Ice-wedge polygons can be distinguished from the stone polygons by their greater size (up to 30 metres across) and the depression, rather than a dome at the centre.
Photo source: http://www.ucalgary.ca/~dgsmit/duane.jpg
In a periglacial landscape, the most dramatic landform is the pingo. These are dome-shaped hills which may rise to around 50 metres above the generally flat tundra landscape. Some of the pingos have depressions in their surfaces and some have ice cores at their centre.
Photo source: http://www.geo.uu.nl/fg/berendsen/pictures/photography/alaska/Pingo.jpg
It is believed that the origins of these landforms may vary and two types are now recognized – the open system (hydraulic) pingos and the closed-system (hydrostatic) pingos.
Diagram source: http://www.erudit.org/revue/gpq/1998/v52/n3/004847ar.html
Open-system (hydraulic) pingos occur in valley bottoms and in areas of thin or discontinuous permafrost. They are common in East Greenland. When the surface layer freezes, water is trapped in the talik (unfrozen layer). This water comes under pressure and may move towards the surface where, surrounded by permafrost, it freezes into an ice core. This causes the surface to dome upwards. As water under pressure finds its way to the surface, the ice dome and thus the pingo, continues to grow.
Photo source: http://sis.agr.gc.ca/cansis/taxa/landscape/ground/ice_wedge_nt2.jpg
Closed-system (hydrostatic) pingos are generally found in lowland areas where permafrost is more continuous. They often form on the sites of small lakes. As these lakes fill with sediments from meltwater, the surrounding permafrost advances and squeezes the unfrozen sediments below the lake. When the lake itself is frozen, the water in the underlying sediments causes the surface to dome upwards creating the pingo.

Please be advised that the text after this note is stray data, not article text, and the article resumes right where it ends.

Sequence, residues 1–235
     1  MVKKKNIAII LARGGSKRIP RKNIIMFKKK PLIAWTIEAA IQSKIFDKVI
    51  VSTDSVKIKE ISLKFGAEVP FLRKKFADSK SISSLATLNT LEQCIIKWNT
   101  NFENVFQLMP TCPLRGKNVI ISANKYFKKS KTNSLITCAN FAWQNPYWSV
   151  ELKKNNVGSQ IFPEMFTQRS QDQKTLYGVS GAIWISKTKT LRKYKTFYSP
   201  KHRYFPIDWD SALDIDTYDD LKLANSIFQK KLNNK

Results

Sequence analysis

If the dome cracks, the ice core may melt leading to a collapse of the pingo and a pond forming in the central crater.
Diagram source: http://www.nsidc.net/fgdc/glossary/illustrations.pdf
Mass movement processes are very active in periglacial areas and help to shape the landscape in areas where there is gentle relief. Frost creep is common in the top 50 centimetres of soils in summer on steep slopes. Ice crystals in the soil push up stones and soil particles which collapse back when the ice melts. In this way the stones and soil particles zigzag their way down the slope moving perhaps 20-30 centimetres in a year.
Solifluction (sometimes known as gelifluxion) is a more obvious process as it operates on a larger scale. In the short summer season, the saturated active layer sits on top of an impermeable frozen layer. The active layer is unstable on even quite gentle slopes of 1-2 degrees. As a result of this, the active layer becomes mobile, particularly in spring, and can flow large distances. The thin vegetation layer sometimes restricts movement but often breaks.
Diagram source: http://www.school-portal.co.uk/GroupDownloadFile.asp?GroupId=5313&ResourceId=18976